Where I walk to pick up my Tribune every morning, many of the cracks in the sidewalk are the homes for ant colonies. Even when trying not to, I step on countless ants, snuffing out their lives.
Then I ask myself: What is the relationship between me and those ants and other wildlife? Do I make life "hellish" for those ants I step on every day? And for those insects and rodents I try to eradicate from my home? Do bowfishmen make life hellish for the fish?
Without trying to invest the questions with more philosophical weight than they deserve, the issues of humans misusing lower forms of natural life are very active ones today, with "animal rights" battles going on everywhere. And the ants in my path to the goal of getting the Tribune are a big part of the debate for me.
[Ed.: The gardening catalog of Smith and Hawken offers a $130 electronic mosquito catcher called Insectivoro that uses a different mechanism than standard bug zappers: "A powerful fan sucks [the bugs] into a filter drawer, where they desiccate over time—or they may be released back outside at the end of the day."]
Later, Power brought suit in the Massachusetts Supreme Court, claiming that her First Amendment rights were violated by the agreement, but the court disagreed with her, so she appealed to the U.S. Supreme Court. One of her lawyers in the Supreme Court appeal, asked if there was a book or film deal in the works, responded, "I really can't answer that."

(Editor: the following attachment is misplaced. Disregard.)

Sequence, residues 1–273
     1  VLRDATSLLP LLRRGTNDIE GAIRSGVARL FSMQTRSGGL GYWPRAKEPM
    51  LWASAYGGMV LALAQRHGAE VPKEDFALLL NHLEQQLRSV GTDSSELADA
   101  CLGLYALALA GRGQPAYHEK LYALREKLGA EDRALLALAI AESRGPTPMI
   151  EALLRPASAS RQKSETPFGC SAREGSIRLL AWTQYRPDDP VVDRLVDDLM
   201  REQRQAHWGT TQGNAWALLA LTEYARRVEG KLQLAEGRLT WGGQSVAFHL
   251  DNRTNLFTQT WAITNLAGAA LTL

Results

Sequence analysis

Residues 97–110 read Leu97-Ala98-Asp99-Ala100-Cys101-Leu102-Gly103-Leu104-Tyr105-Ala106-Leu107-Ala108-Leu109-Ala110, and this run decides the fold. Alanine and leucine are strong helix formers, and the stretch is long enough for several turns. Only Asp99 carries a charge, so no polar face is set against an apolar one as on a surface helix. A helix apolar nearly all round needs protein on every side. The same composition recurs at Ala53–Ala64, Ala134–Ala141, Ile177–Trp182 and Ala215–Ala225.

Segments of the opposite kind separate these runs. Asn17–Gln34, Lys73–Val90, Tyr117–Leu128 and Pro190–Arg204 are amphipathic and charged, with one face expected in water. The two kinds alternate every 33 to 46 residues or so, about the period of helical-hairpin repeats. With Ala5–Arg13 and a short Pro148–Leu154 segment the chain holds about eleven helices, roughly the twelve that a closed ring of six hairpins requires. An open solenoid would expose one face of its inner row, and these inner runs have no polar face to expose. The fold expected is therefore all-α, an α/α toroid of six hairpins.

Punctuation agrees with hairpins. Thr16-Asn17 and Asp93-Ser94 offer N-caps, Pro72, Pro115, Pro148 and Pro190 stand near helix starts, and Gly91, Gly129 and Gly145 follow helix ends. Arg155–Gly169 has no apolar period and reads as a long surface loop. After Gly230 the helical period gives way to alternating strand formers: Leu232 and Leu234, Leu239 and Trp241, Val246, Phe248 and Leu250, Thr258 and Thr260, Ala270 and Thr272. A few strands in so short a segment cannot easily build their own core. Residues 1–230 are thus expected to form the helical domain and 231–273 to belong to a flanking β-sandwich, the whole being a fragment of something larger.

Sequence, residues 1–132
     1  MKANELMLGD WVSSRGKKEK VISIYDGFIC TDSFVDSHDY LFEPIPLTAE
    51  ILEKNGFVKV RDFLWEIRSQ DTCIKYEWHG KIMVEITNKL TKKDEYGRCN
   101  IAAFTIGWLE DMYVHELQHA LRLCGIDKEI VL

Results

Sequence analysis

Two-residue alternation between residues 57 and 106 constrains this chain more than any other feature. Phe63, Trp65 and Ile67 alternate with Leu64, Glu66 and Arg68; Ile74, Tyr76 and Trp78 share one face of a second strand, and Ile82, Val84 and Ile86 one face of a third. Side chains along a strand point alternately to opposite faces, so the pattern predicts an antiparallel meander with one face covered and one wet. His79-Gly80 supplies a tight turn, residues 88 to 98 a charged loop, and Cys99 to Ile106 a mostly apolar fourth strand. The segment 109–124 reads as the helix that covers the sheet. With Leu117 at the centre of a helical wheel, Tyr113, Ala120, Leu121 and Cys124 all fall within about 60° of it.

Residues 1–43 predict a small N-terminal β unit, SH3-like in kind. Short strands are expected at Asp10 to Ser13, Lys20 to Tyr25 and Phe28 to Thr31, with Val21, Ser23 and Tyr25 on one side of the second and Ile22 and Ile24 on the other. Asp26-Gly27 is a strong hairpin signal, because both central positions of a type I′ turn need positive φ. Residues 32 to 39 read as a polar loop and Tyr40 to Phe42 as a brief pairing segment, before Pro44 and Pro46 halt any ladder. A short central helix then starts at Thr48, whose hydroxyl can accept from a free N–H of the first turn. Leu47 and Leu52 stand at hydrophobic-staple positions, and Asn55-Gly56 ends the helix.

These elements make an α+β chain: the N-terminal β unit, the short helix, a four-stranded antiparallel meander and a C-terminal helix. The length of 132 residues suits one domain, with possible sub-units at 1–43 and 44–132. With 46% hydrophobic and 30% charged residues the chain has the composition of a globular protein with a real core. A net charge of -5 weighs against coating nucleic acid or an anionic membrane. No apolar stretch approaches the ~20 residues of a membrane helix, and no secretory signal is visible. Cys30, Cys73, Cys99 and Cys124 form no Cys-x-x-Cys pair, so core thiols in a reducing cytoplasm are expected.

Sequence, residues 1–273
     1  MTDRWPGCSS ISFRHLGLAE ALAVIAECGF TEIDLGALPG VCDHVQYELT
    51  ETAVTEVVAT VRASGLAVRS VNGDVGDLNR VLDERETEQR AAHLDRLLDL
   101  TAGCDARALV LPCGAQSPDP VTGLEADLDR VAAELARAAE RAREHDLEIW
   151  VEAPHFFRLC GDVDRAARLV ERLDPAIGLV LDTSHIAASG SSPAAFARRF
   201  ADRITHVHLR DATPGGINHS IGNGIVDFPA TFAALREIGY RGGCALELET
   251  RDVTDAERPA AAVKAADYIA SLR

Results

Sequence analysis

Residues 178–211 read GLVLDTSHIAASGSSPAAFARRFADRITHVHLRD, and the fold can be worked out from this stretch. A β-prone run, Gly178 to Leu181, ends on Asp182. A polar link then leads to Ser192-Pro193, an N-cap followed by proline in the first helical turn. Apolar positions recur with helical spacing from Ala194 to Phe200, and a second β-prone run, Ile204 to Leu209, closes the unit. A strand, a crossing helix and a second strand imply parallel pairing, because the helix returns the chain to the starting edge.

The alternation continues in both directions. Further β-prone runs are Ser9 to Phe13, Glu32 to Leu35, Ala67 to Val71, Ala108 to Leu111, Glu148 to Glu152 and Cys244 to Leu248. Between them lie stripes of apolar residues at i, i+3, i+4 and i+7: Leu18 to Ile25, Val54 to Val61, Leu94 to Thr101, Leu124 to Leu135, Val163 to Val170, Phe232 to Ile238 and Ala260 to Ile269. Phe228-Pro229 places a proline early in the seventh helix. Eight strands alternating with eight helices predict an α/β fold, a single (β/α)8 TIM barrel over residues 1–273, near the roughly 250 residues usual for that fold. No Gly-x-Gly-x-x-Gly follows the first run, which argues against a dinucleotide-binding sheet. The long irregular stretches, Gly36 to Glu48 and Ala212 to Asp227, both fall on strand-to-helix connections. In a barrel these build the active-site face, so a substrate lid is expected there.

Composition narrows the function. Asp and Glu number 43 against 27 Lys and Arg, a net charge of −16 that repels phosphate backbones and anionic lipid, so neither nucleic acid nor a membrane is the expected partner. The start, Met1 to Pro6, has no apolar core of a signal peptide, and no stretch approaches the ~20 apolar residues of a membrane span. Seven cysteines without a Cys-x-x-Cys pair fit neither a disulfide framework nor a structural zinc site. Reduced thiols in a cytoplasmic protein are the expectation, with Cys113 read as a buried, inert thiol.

Why a Lot of Men Will Be Winners by Becoming Feminists
Until recently I was against the feminist movement and even hated women, although I am a straight man. The reason was very simple: for many years I did not have enough sex. (I still don't have enough.) I was wondering why, since I am not ugly, I dress well, and I am not disabled or mentally retarded. A lot of men I know who don't make a lot of money have the same problem. I have never been wealthy, so I thought that women were causing this sexual problem because they were being too materialistic.
Recently I realized that it is not women but we men who create this situation. Men with a lot of money not only can but usually do have several women. IRS statistics show that more than 15 percent of Americans have incomes greater than $50,000 per year. As we know, the majority of people with big incomes are men, so it makes sense to assume that at least 20 percent of the male population are making more than $50,000 a year. Meanwhile, another 20 percent of men make less than $20,000. These men can hardly afford to impress a woman with their standard of living. Not so for the big money maker: he can afford not only to have a more impressive standard of living (housing, car) but also to pay for several women (restaurants, vacations, cash, expensive presents). The rich 20 percent can easily satisfy 40 percent of the nation's women, thus creating a big shortage of sexually unsatisfied women.
What surprising conclusion did I draw from this? Become a feminist. Let as many women as possible become big moneymakers so that the number of male big moneymakers decreases, thereby increasing the supply of unsatisfied women! The message for men is simple: when you need a service, go to a woman; when you vote, vote for a woman; use the Women's Yellow Pages whenever possible. Don't help a man become stronger financially and thereby eliminating you sexually. The faster we spread this message, the sooner we will feel the results.